Yet for decades before all this success, Almond had toiled quietly at his craft, taking odd jobs as a postman or labourer to enable him to write, but with little to show for it, his single adult novel remaining unpublished.
It was only in his forties, when he reconnected with the material of his childhood, that the turning point came. He produced a collection of short stories set in the small mining town of Felling-on-Tyne in the north east of England, where he grew up (it was later published as Counting Stars). That somehow released the floodgates, and as Almond began his first children's novel, Skellig - the haunting tale of a creature part man, part owl and part angel, which was to win him the Carnegie and the Whitbread Children's Award - he knew that everything was about to change. "It just had such an energy about it, it drew on forces within me I'd never used before," he says.
Almond's new novel, Clay, once again draws on that childhood background in the north east. It features a young boy, Davie, growing up, as Almond did, in a working- class Catholic family in Felling in the 1960s. As ever in Almond's work, this realistic setting anchors events which spin off in a wild and strange direction. Davie's ordinary daily life - duties as an altar boy, a feud with a local gang and the newly discovered phenomenon of girls - is disrupted when a new child arrives in Felling.
Stephen is charismatic but disturbing, with a special talent for sculpting figures out of the local soil. Drawing Davie into an intense relationship, Stephen persuades him that together they can bring the earth he moulds so nimbly with his fingers to life. The novel subtly shifts register as the two boys succeed in their ambitions and Clay, a lumbering, barely conscious yet living and moving being, is created. The town of Felling has become host to a Frankenstein's monster.
Almond, who now lives in Northumberland with his partner and young daughter, says it has been "a little private journey taken for myself" to create a literary location called Felling-on-Tyne. "In some ways the north east is an undiscovered country in literary terms; you might think it's a place that's not very interesting, excluded from mainstream culture. Part of my purpose has been to use ordinary places, to emphasise that in very ordinary places extraordinary things can happen." He says Clay is "a very Geordie book, relentlessly Tyneside". He's used more of the local dialect in this book than he has ever done before: "I've been moving towards that, and I thought: 'What the hell, just do it, really use the Tyneside language.'"
The novel was an opportunity to mingle Almond's own private mythology with other, older ones. "The idea of clay is something that keeps cropping up in my books; it seems to me that there's something very basic and fundamental about working with the earth, making stuff from it," he says.
"Once I started working with the idea in the story, it drew in so many links: Frankenstein obviously, and the Jewish myth of the golem, and Christian creation where God creates man from the clay of the earth and breathes life into him. Setting the book in Felling was a way of grounding those stories and making them mine."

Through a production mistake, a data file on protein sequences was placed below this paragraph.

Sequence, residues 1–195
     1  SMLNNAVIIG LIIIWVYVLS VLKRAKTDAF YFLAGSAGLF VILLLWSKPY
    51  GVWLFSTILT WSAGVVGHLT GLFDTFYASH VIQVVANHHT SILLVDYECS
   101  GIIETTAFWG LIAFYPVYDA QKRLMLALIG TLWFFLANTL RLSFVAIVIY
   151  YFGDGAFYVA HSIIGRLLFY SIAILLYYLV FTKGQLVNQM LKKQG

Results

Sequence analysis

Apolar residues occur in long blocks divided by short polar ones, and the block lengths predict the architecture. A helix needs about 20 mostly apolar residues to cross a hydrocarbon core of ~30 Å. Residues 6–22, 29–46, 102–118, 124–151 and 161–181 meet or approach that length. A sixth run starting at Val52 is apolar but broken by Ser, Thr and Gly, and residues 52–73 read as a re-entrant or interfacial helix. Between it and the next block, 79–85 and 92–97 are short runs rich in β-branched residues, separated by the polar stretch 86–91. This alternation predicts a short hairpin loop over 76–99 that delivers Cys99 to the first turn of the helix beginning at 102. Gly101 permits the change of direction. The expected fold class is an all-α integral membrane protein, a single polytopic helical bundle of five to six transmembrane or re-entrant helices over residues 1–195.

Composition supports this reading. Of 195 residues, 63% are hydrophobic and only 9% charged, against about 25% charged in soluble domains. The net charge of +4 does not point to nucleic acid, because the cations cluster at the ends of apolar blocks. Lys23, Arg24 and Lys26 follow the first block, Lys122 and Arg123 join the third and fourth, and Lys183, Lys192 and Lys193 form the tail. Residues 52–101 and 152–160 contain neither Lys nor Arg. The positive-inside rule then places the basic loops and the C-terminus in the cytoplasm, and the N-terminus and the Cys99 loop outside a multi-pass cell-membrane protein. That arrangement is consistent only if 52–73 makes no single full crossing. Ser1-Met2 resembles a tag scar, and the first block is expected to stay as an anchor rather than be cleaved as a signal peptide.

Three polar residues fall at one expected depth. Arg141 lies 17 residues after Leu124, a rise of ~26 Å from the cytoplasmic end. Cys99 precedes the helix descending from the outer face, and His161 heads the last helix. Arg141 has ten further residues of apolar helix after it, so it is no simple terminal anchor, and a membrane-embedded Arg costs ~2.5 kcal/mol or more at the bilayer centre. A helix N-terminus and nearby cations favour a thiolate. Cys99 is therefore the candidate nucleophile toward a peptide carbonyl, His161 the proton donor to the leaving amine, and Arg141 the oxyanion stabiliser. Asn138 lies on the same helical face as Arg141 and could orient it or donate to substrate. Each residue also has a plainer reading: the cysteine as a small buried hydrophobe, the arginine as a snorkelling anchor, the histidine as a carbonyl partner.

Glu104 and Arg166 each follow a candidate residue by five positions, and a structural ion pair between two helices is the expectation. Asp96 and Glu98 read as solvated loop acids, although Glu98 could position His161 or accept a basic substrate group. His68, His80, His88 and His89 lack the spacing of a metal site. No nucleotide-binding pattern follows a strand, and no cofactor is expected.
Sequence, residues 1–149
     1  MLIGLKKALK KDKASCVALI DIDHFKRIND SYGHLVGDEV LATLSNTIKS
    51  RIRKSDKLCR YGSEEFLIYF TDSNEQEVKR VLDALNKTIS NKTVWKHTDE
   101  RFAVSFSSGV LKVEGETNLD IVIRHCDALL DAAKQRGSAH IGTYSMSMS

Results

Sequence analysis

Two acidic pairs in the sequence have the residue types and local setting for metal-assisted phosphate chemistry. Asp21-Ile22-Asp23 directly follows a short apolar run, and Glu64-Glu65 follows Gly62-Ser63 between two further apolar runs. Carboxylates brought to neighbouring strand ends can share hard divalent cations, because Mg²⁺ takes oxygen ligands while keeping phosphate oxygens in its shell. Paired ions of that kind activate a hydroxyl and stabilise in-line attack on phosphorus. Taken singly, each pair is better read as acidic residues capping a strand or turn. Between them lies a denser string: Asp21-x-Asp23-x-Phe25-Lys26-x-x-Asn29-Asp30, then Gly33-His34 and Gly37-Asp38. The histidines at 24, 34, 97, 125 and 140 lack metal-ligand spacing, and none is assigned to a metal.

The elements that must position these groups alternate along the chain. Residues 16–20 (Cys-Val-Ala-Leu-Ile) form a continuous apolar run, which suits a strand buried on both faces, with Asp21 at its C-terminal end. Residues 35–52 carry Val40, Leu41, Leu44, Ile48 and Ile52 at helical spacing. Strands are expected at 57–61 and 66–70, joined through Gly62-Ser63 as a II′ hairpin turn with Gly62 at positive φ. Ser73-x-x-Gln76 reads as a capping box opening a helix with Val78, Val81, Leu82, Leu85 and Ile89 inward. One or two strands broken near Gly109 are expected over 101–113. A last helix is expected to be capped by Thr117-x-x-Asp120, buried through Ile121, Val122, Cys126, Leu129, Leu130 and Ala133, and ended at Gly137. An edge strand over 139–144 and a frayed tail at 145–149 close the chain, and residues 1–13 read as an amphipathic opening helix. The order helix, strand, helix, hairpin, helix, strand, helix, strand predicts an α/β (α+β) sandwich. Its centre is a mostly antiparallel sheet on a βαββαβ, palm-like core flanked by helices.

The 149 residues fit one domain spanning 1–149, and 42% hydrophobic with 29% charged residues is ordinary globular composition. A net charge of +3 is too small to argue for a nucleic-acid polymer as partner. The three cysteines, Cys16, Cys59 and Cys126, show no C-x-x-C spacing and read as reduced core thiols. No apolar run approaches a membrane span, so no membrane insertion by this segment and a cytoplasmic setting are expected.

For a long time he'd held out against the Catholic influences of his childhood. "For years I excluded it, because I thought: 'I don't want to write about those things.' If you are brought up fairly strictly as a Catholic, in total belief, then the process of growing up is quite painful, because you have to throw it off. But I remember turning 40 and starting to look back, and just allowing Catholicism to come in instead of keeping it at a distance. Suddenly all this wonderful imagery just started coming, it was like a gift. 'Oh my goodness, I've got this!'"
But Clay is a notably dark novel. Almond's books have always been marked by a sense of wildness and danger, as children on the brink of adolescence face up to the powerful forces within themselves and in the wider world. Yet experiences of suffering - even in The Fire-Eaters, set during the Cuban Missile Crisis and exploring the destructiveness of war - have until now been contrasted with the vividness of youth and hope. Clay offers little of that optimism. For brilliant, twisted Stephen, there is to be no redemption; and Davie emerges at the end of the novel bruised and weary, into a world where he now knows the potential for evil within human nature.
"I think he's disillusioned in some way," confirms Almond. "He's struggled to hold his faith in the world, but Stephen has shown him something. Stephen showed me something. When I was writing the early parts of Clay, I was thinking 'You know, Stephen's going to turn out to be OK, he'll be redeemed.' And then as I went on, I realised he wasn't, he was sticking by his guns. So I suppose for me there was a kind of growing up, as there is for Davie in the course of the book."
While the novel is set in the 1960s, Almond says it really draws on his response to current events. "There are some things in the world that seem to evade redemption. I grew up at a time of optimistic socialism, when I believed, probably very innocently, that politicians had the goodness of the world at heart. Then you see the actions of the politicians over the last few years and you see that actually they don't. George Bush doesn't have the goodness of the world at heart and yet this man is rampant in the world. Or what happened in Rwanda, how can that be accommodated within a sense that there's an essential human goodness?"
'Clay' is published by Hodder (£10.99) To buy a copy for £9.99 (free p&p), contact Independent Books Direct on 08700 798 897